Through their actions, the birds represent the caring nature of these beings, aiding her in the creation of life on Turtle’s back and establishing her role as the first mother of this earth, embodying the essential harmony between humanity and the natural world. 

The Moon cycle

The moon cycle is deeply intertwined with the cyclical nature of seasons and time.

Represented by the segments on the turtle’s back, each of the thirteen moons corresponds to a distinct phase of the moon cycle, such as Midwinter and Harvest, reflecting the natural rhythms of the environment. The twenty-eight platelets around the shell further align with the moon cycle’s twenty-eight days.

This calendar not only carries the ancestral wisdom of our ancestors but also serves as a guide for education and organizational management, embodying the integration of traditional knowledge into contemporary life.

The strawberry plant

The symbolism of the strawberry plant is richly interwoven with the Haudenosaunee Creation Story.

Skywoman’s act of planting strawberries on the back of a turtle, where she landed, signifies their significance as a sacred gift from Sky World.

These berries mark the arrival of summer and are celebrated through ceremonies to honor Creations’ continuous provision.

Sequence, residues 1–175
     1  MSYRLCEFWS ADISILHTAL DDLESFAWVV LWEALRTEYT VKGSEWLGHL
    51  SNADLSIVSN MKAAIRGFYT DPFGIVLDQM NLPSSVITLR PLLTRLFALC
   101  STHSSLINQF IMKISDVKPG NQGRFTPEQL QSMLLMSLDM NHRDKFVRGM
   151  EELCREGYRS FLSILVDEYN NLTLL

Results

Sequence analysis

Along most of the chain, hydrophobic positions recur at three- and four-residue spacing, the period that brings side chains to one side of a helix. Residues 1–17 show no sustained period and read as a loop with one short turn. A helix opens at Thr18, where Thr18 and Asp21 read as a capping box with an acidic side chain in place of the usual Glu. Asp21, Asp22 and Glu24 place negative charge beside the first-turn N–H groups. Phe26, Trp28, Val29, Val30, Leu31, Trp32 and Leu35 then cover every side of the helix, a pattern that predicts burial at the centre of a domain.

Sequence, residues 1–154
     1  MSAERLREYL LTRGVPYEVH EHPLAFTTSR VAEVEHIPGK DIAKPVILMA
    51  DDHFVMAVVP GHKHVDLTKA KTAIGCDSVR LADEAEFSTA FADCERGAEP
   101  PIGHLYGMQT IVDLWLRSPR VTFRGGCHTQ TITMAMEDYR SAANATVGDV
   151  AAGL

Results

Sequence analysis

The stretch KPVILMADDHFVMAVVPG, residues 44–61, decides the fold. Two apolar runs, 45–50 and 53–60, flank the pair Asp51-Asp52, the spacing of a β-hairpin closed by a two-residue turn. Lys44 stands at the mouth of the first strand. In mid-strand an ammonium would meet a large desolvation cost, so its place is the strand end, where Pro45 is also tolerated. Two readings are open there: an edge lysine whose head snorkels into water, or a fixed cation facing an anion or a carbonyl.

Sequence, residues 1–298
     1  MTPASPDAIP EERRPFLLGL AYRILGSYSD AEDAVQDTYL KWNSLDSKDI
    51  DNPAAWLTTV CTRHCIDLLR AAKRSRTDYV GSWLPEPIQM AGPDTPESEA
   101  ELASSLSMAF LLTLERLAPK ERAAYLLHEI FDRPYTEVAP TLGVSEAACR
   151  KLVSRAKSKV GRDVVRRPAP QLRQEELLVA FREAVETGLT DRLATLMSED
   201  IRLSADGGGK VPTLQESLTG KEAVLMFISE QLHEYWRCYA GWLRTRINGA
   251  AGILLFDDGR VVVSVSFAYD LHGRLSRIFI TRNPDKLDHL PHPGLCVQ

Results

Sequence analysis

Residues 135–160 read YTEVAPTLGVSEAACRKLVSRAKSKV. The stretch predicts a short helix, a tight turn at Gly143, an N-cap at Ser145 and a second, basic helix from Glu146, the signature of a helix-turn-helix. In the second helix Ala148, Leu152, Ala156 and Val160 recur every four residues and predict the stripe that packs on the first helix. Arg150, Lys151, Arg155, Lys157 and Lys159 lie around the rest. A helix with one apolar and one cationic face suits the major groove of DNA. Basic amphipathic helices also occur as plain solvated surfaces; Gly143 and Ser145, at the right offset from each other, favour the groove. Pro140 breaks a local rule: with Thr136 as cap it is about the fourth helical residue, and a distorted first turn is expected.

The strawberry ceremony includes sharing strawberry juice, which holds not only cultural importance but also nutritional benefits. Research highlights the potential of strawberries to regulate blood sugar levels and reduce inflammation, aligning the fruit’s natural properties with its symbolic role in sustaining and nurturing the well-being of the community.

Traditional markings

Traditional markings bear profound symbolism in Inuit traditions, embodying the legacy of Inuit origin stories and key instances in an individual’s life.

Sedna’s story is about a sea goddess: as she clung to the boat, her father’s actions are depicted through the tattoos’ lines and patterns, mirroring the places where he chops off her finger tips, knuckles, hands and so forth, all of which fall into the sea and become seals, whales and other mammals.

These traditional markings hold timeless significance and preserve Inuit heritage across the Arctic. 

Mother Earth’s Guiding Light